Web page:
Climate Dynamics

, Volume 53, Issue 5–6, pp 3641–3659 | Cite as

Mechanisms causing east Australian spring rainfall differences between three strong El Niño events

  • Peter van RenschEmail author
  • Julie Arblaster
  • Ailie J. E. Gallant
  • Wenju Cai
  • Neville Nicholls
  • Paul J. Durack


Strong El Niño events have had significant impacts on society through their association with extreme events, such as droughts and floods. However, questions remain as to the robustness of strong El Niño events in forcing regional climate variability. The strong 1982, 1997 and 2015 El Niño events were of similar type and strength, but in eastern Australia they were associated with differing spring rainfall anomaly magnitudes and patterns. To understand these differences, we first determined the most important processes for teleconnecting the El Niño signal to east Australian spring rainfall using historical relationships with winds and sea level pressure. Then, using a 60-member atmospheric model ensemble, we estimated the influence of sea surface temperatures (SSTs) on Australian atmospheric circulation and rainfall during these three El Niño events relative to internal variability. We found that the different east Australian spring rainfall anomalies for each of the three El Niño events are best explained by differences in the strength of the meridional wind component of the regional circulation. All three El Niño events exhibited a positive sea level pressure anomaly to the south of Australia, which was associated with rainfall deficits along the southeast Australian coast. The experiments indicate the regional atmospheric circulation and rainfall differences were forced by SSTs during spring of 1982 and 1997, with their influence on the circulation in 2015 remaining unclear. We also show that SSTs adjacent to Australia further contributed to the modelled rainfall differences mainly by regulating moisture availability.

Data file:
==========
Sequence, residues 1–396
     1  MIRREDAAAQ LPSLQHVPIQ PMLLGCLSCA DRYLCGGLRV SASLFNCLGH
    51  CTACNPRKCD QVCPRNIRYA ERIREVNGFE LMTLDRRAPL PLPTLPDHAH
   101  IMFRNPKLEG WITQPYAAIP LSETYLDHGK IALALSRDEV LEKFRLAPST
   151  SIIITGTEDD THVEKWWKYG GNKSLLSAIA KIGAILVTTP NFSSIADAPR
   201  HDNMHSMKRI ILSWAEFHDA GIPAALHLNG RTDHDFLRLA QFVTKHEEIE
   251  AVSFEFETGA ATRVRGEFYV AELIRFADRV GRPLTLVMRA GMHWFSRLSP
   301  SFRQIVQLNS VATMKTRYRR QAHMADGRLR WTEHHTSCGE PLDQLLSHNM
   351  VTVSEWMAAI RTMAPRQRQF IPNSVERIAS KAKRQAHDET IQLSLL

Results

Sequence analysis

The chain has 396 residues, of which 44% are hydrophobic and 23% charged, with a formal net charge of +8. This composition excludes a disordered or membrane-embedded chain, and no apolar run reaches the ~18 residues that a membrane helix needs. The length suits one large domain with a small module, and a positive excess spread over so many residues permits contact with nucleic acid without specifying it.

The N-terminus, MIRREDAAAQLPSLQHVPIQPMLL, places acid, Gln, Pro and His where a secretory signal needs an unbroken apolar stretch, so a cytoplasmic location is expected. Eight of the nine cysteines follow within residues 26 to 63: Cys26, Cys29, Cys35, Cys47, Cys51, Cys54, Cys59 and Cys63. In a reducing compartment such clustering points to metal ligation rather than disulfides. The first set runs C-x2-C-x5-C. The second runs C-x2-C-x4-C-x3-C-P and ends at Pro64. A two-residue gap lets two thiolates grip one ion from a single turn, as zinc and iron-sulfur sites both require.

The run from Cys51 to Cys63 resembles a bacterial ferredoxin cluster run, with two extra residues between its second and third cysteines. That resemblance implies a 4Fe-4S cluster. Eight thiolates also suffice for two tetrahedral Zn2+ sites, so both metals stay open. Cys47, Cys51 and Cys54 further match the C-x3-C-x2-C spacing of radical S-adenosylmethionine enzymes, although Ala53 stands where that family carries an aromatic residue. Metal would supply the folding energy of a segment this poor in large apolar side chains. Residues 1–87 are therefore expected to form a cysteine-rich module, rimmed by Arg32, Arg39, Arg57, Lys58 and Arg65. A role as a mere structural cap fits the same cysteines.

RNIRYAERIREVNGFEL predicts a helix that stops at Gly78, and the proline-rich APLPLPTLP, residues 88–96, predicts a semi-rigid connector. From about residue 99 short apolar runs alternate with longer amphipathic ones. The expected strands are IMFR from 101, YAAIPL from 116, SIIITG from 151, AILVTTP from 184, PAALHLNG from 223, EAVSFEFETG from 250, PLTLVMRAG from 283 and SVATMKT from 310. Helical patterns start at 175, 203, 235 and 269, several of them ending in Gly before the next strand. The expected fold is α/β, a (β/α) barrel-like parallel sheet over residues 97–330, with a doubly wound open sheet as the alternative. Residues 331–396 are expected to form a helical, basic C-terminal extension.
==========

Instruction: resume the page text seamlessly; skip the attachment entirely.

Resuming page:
1982–1983 1997–1998 2015–2016 Precipitation Extreme El Niño Super El Niño Climate variability 



This research was supported by the Australian Research Council (ARC) Centre of Excellence for Climate System Science (CE110001028) and the ARC Centre of Excellence for Climate Extremes (CE170100023). PvR was supported by an Australian Government Research Training Program (RTP) Scholarship. The work of JA is partially supported by the Regional and Global Model Analysis Program (RGMA) of the Earth and Environmental System Modeling Program of the U.S. Department of Energy’s Office of Biological & Environmental Research (BER) Cooperative Agreement # DE-FC02-97ER62402, and the National Science Foundation. AG was funded by DE150101297. WC was supported by Australian National Environmental Science Program (NESP). The work of PJD is prepared by Lawrence Livermore National Laboratory (LLNL) under Contract DE-AC52-07NA27344, and is a contribution to the U.S. Department of Energy, Office of Science, Climate and Environmental Sciences Division, Regional and Climate Model Analysis program (LLNL Release number: LLNL-JRNL-768502). This research was undertaken with the assistance of resources and services from the National Computational Infrastructure (NCI), which is supported by the Australian Government. The authors thank two anonymous reviewers for providing comments that significantly improved the clarity of this paper.


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Copyright information

© Springer-Verlag GmbH Germany, part of Springer Nature 2019

Authors and Affiliations

  1. 1.Earth, Atmosphere and EnvironmentMonash UniversityClaytonAustralia
  2. 2.CSIROAspendaleAustralia
  3. 3.ARC Centre of Excellence for Climate Systems ScienceMonash UniversityClaytonAustralia
  4. 4.National Center for Atmospheric ResearchBoulderUSA
  5. 5.ARC Centre of Excellence for Climate ExtremesMonash UniversityClaytonAustralia
  6. 6.Program for Climate Model Diagnosis and IntercomparisonLawrence Livermore National LaboratoryLivermoreUSA

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